I reviewed the practitioners recommended in both the Foundation and EYV courses as well as those I had encountered independently. I had read Family Photography Now (Howarth and McLaren, 2016) which helped via the diversity of families and photographic approaches included. The ones that influenced me the most were Penny Watson, Charlie Murrell, Mini Mollica (erratum – Mimi Mollica), Sian Davey and Evgenia Arbugaeva (the rather more extensive research post is here). I was interested in images that showed the character of the children, and that showed a balance or a tension between the child and their surroundings. I didn’t want a “background” so much as a context that added information to the photograph. I also wanted to convey how she physically interacted with the places, influenced by the works of Tom Hunter and Venetia Dearden.

My technical approach was hand-held (largely due to non-tripod-friendly environments), as low an ISO as I could work with, manual mode. Most images are taken with a 50mm prime lens, a couple with a 24mm prime where I needed a wider view, and one with a 100mm macro which I have found to work well for photographing children at a distance. I worked with as wide an aperture as possible, in the interest of minimising the shutter speed. For post-processing  I applied lens correction to all images and corrected for shadows and highlights. I did not use any cloning or magic brush but have cropped a few images following peer feedback that several images tended towards a central positioning of my daughter. Final processing includes sharpening and adjusting clarity.

I feel rather close to the work to be making objective comments. I would like to improve the after-concert image, it is hampered by the lack of light but I wanted to convey the idea of her isolation, as the set was dismantled around her; I would also like more depth of field on the shop and You-tube images.  I want to learn how to improve portraits where the person is at a much smaller scale than their surroundings. I like the sense of disconnect, of tension, between people and places (eg Rineke Dijsksta’s beach portraits and Mimi Mollica’s Norah There), but my composition isn’t there yet. Peer feedback was generally positive and I have changed the selection/the crop on some images as a result as well as noting suggestions for further work.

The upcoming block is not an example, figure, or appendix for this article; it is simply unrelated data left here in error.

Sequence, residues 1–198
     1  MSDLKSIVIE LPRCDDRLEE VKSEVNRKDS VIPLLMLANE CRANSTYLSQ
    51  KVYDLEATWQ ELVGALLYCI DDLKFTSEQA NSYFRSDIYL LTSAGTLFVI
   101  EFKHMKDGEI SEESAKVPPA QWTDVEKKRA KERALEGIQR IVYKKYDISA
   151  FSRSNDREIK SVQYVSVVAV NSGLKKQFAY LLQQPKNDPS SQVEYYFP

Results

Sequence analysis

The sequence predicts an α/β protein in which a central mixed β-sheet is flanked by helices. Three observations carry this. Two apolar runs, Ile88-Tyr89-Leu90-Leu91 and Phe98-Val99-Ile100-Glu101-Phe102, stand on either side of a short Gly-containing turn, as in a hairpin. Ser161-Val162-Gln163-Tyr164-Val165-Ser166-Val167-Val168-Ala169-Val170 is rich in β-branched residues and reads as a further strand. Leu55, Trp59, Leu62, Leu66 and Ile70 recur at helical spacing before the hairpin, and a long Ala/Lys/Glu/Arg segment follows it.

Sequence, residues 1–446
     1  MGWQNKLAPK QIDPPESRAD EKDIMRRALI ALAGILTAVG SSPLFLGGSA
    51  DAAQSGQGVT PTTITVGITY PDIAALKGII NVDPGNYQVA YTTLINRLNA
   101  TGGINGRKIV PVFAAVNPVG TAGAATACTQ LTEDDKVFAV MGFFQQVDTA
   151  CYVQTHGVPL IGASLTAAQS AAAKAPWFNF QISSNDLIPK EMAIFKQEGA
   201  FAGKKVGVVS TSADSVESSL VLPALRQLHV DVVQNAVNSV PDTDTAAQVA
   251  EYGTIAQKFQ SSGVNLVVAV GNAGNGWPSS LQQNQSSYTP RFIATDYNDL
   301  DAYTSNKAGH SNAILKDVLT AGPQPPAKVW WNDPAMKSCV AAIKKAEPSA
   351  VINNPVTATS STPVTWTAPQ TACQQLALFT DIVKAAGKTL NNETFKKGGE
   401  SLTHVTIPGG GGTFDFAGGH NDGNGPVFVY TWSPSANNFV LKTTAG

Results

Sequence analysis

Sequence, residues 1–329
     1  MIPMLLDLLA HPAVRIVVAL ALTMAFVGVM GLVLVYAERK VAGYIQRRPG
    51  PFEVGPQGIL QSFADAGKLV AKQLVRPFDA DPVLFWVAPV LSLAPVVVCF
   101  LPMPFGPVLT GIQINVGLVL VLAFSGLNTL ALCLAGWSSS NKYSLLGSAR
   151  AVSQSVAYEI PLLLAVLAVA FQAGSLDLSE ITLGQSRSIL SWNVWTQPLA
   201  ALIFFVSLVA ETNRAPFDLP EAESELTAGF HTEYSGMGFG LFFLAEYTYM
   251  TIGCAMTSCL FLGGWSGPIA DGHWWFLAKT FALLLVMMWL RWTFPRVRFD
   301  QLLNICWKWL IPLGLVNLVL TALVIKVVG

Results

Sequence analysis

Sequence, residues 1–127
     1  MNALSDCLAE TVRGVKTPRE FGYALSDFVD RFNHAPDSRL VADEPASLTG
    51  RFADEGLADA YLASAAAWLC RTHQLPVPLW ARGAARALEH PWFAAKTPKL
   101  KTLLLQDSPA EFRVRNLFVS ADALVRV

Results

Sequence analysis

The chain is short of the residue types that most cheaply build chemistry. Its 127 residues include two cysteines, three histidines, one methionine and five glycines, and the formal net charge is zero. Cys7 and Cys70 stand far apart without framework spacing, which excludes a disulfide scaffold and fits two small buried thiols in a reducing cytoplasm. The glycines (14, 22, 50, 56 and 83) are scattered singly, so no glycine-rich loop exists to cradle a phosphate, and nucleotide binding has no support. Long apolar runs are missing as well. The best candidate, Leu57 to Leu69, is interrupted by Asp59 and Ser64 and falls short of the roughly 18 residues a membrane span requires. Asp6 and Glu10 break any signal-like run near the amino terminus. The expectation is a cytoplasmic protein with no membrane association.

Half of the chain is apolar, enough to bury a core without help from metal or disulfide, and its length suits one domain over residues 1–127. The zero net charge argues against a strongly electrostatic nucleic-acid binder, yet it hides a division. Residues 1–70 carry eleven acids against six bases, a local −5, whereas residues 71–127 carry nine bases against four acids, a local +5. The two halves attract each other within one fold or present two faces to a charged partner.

Going forward, I have these ideas for developing this series;

  1. A series emphasising how her hands and feet interact with her spaces
  2. A series where she is at a smaller scale, possibly all with her centre image
  3. Contrasting her square mile photographs with my square mile photographs
  4. Contrasting another aspect of her childhood – the fairies, princesses, media influences; possibly via collage/mixed media album.
  5. Exploring the domestic textures and artefacts of her childhood (see Marc Rees)

530 words. Please see here for initial thoughts, here for contact sheets, here for research, here for peer review). Thank you.

A short postscript – I asked my daughter to choose her favourites. The set was identical, except for an uncropped version of the comic shop shot.


Howarth, S. and McLaren, S. (2016) Family photography now. United Kingdom: Thames & Hudson.